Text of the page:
OUR to spin off telecoms division: Big 2 backs plan for single regulator
Prime Minister Bruce Golding said Thursday that the telecommunication division of the Office of Utilities Regulation (OUR) would be spun off as a separate entity as the Government tries to keep pace with the complex and ever-evolving sector.
As he celebrated with Flow Jamaica on the telecom company's fifth anniversary (related story on Page C3), Golding suggested that the sector was expansive and intricate enough to require its own watchdog.
"We will establish a single regulator for the telecommunications sector," said the PM.
Digicel Jamaica, now seen as the largest player with some two million subscribers, is backing the plan; as is its closest rival, LIME Jamaica.
"As of now, telecommunications falls within the broad ambit of the OUR, but the sector is so important and dynamic and peculiar that we felt it was important for the regulator of the telecommunications sector to be separate from the other areas of utilities regulation," said Golding.
"So we will be creating its own regulator with necessary authority to provide the regulatory framework and oversee the operation of that regulatory frame-work."
The OUR currently regulates water, elec- tricity and telecoms and oversees bus-fare increases. In the telecoms arena, the regulatory agency polices such companies as Digicel, LIME, Claro and Flow - four of the largest players whose investments run into billions of dollars.
Flow, as a cable company offering triple-play services, answers chiefly to the Broadcasting Commission.
Golding's announcement comes against the background of Digicel's pending acquisition of the operations of Claro Jamaica. Industry sources said at the weekend that the idea of a single telecoms regulator gained traction as the Golding administration considered ways to appease the broad sector, which is fearful that a stronger Digicel could crowd out competition and dissuade new market entrants.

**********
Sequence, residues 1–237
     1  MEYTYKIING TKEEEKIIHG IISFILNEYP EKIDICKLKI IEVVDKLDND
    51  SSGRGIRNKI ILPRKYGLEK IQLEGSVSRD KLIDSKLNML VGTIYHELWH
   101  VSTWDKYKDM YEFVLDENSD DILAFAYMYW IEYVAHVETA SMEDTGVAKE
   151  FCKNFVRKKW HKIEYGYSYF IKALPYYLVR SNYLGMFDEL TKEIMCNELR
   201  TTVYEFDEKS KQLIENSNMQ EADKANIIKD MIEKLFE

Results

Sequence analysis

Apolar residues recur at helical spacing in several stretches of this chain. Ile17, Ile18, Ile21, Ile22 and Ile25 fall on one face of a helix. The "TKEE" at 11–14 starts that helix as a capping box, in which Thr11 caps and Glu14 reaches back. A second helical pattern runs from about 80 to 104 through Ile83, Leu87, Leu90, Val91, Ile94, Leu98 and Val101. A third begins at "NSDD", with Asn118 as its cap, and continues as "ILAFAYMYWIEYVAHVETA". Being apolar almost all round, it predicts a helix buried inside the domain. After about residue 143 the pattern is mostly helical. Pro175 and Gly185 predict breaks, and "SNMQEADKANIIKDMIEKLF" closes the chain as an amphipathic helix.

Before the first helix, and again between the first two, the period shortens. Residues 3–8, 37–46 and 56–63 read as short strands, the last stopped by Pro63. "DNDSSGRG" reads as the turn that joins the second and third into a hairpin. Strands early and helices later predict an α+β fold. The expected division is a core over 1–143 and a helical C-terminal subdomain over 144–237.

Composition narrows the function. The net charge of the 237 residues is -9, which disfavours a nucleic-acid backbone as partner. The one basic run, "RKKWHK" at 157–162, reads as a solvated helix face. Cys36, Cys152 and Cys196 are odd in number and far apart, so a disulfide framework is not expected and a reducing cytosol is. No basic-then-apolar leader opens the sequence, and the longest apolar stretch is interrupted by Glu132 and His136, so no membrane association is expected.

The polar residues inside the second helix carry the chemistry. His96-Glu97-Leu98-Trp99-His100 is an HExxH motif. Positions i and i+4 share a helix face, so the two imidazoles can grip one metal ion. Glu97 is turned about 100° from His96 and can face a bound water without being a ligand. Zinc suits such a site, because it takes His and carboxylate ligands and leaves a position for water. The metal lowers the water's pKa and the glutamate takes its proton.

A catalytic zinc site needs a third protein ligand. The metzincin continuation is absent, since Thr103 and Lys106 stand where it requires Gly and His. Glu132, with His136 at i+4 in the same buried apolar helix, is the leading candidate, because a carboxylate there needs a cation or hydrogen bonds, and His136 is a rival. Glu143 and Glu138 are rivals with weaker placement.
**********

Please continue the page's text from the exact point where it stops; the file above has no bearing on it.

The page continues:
Digicel said it had not been consulted directly on the spin-off, but sees the move as a plus for competition.
"We haven't been approached, but we would be broadly supportive since preserving competition in the telecoms market is of paramount importance. The water and power markets in Jamaica are by their very nature very different," said Richard Fraser, legal and regulatory head at Digicel Jamaica.
LIME Jamaica said the idea of a single regulator was alluded to in the ICT Policy and was the subject of industry discussion before the policy's tabling in Parliament.
"The current framework has in several ways not met the needs of the changing dynamics of
Big 2 backs plan for single regulator the Industry, including the regulation of the company which has become dominant, and the removal of regulation of LIME in markets in which we are no longer dominant," said the telecoms company that up to a decade ago held a monopoly on phone services.
"LIME is therefore hopeful that more responsive and appropriate regulation will result from the new legislative framework. In any event, LIME will continue to support the pursuit of independent, transparent and efficient regulation of the sector. We are certain that this will redound to the benefit of all consumers."
Golding did not disclose the precise timeline for the spin-off, but hinted it could occur after the drafting of the new telecommunications act.
He said the law needed to be updated notwithstanding that it is a relatively new piece of legislation.
"Even though it is a statute of relatively recent vintage, we found that it had already become obsolete and it was in fact impeding many of new areas of competition that did not exist at the time when that legislative work was done," he said.
Golding concluded that Flow's investment in Jamaica allowed the country a second option in communicating with the world.
"The fibre-optic link they established is of fundamental importance and critical to the infrastructure that connects us to the rest of the world. I want to commend them for the work that they have done," he said.